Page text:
Pulitzer prize-winning historian Will Durant said that ‘The Romans could not readily forgive Hannibal for winning battles with his brains rather than with the lives of his men. The tricks he played upon them, the skill of his espionage, the subtlety of his strategy, the surprises of his tactics were beyond their appreciation. It was a supreme example of generalship, never bettered in history.’

The Aftermath

There was chaos when word of the crushing defeat reached Rome. Numb panic gripped the city, women rushed to the temples to grieve for their fallen sons, brothers, husbands and fathers. Appian wrote that ‘Multitudes thronged the streets uttering lamentations for their relatives, calling on them by name, and bewailing their own fate as soon to fall into the enemy’s hands.’

Hannibal was urged by Maharbal, one of his most trusted lieutenants, to march on Rome but he chose not to, believing his army was too weak. Livy reported later that Maharbal told Hannibal that he knew how to win battles but he didn’t know how to take advantage of such victories.

After a brief period of mourning, Rome refused to yield, they rejected Hannibal’s offer of peace and even refused to ransom his men taken at Cannae. The citizens of Rome were tasked with rebuilding the army’s defences and the army itself grew, phoenix-like from the flames with amongst other tactics a lowering of the age of recruitment and the enlistment of convicts and slaves in return for their freedom.

Maharbal was right. The legendary commander didn’t know how to take advantage of what became known as one of history’s greatest military victories. He continued through Italy for a few more years looking for another Cannae but his isolated, war-weary army – such as it was by then – slowly withered away and many returned from whence they came.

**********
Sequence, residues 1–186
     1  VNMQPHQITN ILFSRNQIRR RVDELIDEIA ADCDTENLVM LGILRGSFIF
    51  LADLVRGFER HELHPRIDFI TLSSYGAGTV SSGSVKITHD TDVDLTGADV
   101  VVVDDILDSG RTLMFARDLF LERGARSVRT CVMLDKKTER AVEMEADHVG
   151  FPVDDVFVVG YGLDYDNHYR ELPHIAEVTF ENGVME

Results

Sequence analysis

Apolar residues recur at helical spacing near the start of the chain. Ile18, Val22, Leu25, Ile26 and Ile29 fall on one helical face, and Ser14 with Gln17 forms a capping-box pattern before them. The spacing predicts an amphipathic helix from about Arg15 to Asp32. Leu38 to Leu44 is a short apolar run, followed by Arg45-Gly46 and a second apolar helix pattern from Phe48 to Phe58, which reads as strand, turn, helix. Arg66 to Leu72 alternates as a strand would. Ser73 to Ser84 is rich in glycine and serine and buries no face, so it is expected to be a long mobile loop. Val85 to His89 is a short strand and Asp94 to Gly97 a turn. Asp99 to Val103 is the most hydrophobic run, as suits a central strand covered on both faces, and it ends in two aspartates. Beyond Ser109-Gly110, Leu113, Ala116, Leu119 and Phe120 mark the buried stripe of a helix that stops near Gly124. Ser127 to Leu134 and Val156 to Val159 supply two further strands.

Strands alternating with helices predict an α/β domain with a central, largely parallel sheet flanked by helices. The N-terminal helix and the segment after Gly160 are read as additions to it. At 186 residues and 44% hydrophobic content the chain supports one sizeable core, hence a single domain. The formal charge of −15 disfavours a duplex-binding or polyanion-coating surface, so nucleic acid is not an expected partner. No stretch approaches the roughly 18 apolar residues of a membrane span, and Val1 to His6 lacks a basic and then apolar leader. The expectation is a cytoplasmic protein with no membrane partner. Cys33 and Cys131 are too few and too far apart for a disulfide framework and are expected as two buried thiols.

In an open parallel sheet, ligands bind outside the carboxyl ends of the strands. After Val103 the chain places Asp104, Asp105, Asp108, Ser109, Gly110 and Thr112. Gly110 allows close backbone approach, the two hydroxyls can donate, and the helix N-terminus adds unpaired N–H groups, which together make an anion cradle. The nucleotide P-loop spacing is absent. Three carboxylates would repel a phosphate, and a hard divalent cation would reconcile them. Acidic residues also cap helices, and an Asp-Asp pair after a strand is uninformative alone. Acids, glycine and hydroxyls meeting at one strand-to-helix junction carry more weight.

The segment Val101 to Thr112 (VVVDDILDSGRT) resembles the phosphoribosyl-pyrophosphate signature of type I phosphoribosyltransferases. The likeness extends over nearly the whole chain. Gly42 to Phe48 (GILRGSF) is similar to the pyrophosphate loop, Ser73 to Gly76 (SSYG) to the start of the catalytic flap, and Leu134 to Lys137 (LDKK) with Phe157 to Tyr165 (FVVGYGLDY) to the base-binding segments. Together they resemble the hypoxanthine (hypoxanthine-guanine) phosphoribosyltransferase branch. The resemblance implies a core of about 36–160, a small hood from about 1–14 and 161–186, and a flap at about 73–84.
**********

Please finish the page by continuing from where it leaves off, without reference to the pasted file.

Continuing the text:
Perhaps the greatest Roman legacy and arguably the clearest demonstration why they became one of the world’s great empires was their survival.

‘No other nation surely would not have been overwhelmed by such an accumulation of misfortune’ – Livy.

The Second Punic War continued for another 15 years. In 202 BC, one of the few survivors of Cannae, Publius Cornelius Scipio Africanus, known variously as Scipio Africanus Major, Scipio Africanus the Elder and Scipio the Great who was embarrassingly exiled to Sicily after the shame in 216 BC, took on Hannibal’s army at the Battle of Zama using tricks and tactics learned at Cannae and won his redemption in spectacular style. Hannibal was defeated by the very strategies that made his name.

The reign of Carthage as a serious military power was effectively over and the Romans came to rule the known world for the next 600 years.

Hannibal’s status in the pantheon of history’s greatest military commanders is cemented – so much so that there are statues of him in Rome as testament to a most worthy adversary – and his military genius is still taught in military academies the world over as the perfect way to destroy a numerically superior force using encirclement. He has been the subject of fascination for military commanders ever since, including Frederick the Great and Napoleon.

‘Every ground commander seeks the battle of annihilation; so far as conditions permit, he tries to duplicate in modern war the classic example of Cannae.’ General Dwight D Eisenhower.